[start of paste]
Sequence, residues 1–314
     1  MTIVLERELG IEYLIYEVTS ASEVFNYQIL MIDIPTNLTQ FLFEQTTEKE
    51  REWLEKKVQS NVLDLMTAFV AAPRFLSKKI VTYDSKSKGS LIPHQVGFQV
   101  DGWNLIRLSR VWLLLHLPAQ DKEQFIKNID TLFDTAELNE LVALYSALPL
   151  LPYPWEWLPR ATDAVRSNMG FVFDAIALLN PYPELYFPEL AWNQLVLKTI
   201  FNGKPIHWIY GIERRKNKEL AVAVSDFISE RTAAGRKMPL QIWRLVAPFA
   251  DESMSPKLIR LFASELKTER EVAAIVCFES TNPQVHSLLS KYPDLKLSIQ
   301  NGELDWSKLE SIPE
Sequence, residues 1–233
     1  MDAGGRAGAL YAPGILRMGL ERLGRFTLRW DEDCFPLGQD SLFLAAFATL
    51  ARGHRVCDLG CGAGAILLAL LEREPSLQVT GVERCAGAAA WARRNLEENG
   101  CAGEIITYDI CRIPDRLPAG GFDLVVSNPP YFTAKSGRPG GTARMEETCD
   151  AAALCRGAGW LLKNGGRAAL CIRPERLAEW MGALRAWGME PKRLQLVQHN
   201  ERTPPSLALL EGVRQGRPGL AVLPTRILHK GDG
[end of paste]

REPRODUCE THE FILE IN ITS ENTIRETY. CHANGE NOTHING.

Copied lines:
Sequence, residues 1–314
     1  MTIVLERELG IEYLIYEVTS ASEVFNYQIL MIDIPTNLTQ FLFEQTTEKE
    51  REWLEKKVQS NVLDLMTAFV AAPRFLSKKI VTYDSKSKGS LIPHQVGFQV
   101  DGWNLIRLSR VWLLLHLPAQ DKEQFIKNID TLFDTAELNE LVALYSALPL
   151  LPYPWEWLPR ATDAVRSNMG FVFDAIALLN PYPELYFPEL AWNQLVLKTI
   201  FNGKPIHWIY GIERRKNKEL AVAVSDFISE RTAAGRKMPL QIWRLVAPFA
   251  DESMSPKLIR LFASELKTER EVAAIVCFES TNPQVHSLLS KYPDLKLSIQ
   301  NGELDWSKLE SIPE
Sequence, residues 1–233
     1  MDAGGRAGAL YAPGILRMGL ERLGRFTLRW DEDCFPLGQD SLFLAAFATL
    51  ARGHRVCDLG CGAGAILLAL LEREPSLQVT GVERCAGAAA WARRNLEENG
   101  CAGEIITYDI CRIPDRLPAG GFDLVVSNPP YFTAKSGRPG GTARMEETCD
   151  AAALCRGAGW LLKNGGRAAL CIRPERLAEW MGALRAWGME PKRLQLVQHN
   201  ERTPPSLALL EGVRQGRPGL AVLPTRILHK GDG